We also need sociologists, psychologists, therapists, and school teachers—for other reasons. Understanding our history will threaten some people: whites, especially white men, who are losing their traditional places of power and preeminence. Other groups are making their claim to power and privilege. This brings trauma—both personal and social. Psychologists, therapists, sociologists, and school teachers have much to offer in times of trauma.

What about pastors, priests, rabbis, imams, and other religious professionals? They are witnesses to the transcendence that surpasses the traumas of the present day. They are links to great traditions of well-winnowed wisdom that can guide us. They are moral teachers and exemplars, even though they, too, are fallible. STEM snaps their world, too, but it cannot raise them up or provide their training.

I quote my friend, Stewart Herman, who commented on an early draft of this blog: “STEM is morally mute and can’t help us with divisive political issues, which require the capacity of a citizenry to engage in empathetic listening and complex moral consideration. And that is the point of the humanities particularly religion, to help us imagine how others of different faiths understand their lives, and to give us a vocabulary and sensibility in order to engage in the kind of mutual understanding necessary to avoid blunt instrument politics. The developed capacity to listen, observe, absorb, and converse with what is different than you is absolutely critical to the survival of a democracy.”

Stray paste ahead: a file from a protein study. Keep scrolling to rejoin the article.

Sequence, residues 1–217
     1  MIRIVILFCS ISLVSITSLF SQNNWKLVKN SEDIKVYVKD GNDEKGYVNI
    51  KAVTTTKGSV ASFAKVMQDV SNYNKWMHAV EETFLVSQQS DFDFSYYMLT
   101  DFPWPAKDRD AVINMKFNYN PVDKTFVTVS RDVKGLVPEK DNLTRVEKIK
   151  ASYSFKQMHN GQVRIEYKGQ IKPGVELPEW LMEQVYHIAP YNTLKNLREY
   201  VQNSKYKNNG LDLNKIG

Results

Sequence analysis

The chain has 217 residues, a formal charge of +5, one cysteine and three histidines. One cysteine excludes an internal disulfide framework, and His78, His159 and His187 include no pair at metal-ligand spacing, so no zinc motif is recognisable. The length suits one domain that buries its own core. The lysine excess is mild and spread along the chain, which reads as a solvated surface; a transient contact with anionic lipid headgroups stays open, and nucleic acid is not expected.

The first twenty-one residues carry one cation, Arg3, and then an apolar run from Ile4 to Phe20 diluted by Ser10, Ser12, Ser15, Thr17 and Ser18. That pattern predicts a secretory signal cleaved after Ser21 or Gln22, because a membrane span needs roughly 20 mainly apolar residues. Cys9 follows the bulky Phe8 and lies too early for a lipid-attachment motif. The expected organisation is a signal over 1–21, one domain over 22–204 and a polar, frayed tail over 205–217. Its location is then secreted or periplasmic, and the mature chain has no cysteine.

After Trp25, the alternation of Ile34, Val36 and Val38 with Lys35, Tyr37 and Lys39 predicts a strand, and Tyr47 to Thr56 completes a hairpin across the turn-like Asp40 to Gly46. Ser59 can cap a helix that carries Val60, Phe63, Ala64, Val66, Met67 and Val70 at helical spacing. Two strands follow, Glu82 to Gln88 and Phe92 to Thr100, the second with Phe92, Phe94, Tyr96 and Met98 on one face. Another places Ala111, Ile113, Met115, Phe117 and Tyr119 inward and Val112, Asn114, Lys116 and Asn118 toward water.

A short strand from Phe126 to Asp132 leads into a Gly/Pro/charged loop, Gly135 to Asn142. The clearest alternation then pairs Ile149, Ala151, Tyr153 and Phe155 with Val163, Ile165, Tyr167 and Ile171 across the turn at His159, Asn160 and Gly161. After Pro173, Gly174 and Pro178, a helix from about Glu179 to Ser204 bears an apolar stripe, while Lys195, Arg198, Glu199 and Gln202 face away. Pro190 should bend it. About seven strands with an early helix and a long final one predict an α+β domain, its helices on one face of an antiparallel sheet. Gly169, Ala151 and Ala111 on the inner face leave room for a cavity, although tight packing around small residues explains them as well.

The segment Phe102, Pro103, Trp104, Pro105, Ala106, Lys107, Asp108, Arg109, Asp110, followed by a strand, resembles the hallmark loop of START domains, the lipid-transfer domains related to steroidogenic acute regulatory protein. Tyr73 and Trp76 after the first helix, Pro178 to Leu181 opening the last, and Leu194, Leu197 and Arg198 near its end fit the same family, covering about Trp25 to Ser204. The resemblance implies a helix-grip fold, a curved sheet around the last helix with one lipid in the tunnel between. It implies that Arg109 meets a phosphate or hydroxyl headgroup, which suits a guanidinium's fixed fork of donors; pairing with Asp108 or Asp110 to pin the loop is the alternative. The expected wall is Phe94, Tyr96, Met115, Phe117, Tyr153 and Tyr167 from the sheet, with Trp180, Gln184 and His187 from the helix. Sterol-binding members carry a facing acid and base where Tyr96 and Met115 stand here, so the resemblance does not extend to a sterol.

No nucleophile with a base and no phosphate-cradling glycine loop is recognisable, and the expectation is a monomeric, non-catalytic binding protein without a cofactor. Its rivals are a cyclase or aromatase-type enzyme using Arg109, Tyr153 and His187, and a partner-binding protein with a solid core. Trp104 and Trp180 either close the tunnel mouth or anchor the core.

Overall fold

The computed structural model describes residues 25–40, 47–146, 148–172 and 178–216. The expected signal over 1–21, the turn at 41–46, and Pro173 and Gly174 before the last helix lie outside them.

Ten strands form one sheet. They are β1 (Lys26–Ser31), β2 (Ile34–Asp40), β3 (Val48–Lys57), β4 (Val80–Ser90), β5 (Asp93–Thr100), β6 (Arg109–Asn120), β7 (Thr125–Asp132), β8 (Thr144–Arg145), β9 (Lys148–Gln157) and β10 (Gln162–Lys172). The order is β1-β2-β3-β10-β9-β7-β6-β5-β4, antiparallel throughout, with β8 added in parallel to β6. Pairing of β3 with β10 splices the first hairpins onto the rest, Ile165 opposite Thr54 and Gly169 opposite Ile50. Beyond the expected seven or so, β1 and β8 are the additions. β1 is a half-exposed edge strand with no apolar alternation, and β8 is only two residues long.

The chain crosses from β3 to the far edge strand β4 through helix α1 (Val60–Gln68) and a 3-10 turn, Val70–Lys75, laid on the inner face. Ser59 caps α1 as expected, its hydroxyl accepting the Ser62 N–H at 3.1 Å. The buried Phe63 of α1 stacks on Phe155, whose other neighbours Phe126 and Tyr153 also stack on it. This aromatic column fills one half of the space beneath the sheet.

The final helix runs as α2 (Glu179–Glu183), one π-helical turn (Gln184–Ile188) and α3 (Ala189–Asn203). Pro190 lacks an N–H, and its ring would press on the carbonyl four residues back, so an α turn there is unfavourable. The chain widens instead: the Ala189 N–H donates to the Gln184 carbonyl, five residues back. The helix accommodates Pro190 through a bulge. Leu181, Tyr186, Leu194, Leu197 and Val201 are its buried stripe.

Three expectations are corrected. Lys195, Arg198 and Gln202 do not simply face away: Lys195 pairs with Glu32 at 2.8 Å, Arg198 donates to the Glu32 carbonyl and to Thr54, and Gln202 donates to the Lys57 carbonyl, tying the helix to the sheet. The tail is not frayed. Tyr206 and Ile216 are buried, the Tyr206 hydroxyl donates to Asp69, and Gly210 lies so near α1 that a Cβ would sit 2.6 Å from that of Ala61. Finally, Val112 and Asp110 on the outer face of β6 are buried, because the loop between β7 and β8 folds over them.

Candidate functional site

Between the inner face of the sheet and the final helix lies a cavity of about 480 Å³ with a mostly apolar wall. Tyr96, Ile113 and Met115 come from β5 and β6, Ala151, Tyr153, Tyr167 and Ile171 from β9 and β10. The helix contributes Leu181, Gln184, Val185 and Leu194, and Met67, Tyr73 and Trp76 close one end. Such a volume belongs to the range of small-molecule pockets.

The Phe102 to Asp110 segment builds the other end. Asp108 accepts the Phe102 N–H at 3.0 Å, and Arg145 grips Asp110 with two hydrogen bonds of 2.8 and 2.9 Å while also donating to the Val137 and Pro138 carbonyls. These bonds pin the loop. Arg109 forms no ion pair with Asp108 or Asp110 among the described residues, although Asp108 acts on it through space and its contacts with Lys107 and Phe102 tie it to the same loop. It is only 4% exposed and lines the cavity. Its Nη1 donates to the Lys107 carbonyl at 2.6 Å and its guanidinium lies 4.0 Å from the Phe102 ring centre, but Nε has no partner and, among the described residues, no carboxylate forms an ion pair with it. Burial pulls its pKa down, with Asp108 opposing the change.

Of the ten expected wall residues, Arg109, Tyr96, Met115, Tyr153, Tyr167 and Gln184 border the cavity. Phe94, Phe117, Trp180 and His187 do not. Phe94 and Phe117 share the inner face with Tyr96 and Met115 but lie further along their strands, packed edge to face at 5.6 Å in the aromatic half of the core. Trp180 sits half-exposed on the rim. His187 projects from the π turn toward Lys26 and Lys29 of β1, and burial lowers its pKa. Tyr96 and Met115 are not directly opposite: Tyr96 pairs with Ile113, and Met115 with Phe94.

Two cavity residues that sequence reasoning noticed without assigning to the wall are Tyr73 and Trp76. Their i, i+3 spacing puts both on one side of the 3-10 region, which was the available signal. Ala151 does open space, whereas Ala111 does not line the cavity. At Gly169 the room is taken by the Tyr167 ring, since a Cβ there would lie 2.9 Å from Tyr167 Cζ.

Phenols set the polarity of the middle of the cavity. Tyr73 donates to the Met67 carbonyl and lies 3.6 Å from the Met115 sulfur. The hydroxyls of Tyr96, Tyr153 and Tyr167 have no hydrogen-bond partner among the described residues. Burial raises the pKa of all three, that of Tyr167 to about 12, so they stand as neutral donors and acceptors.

I call our situation ironic, because of the disconnect between our STEM educational emphasis and the actual situation in which we live.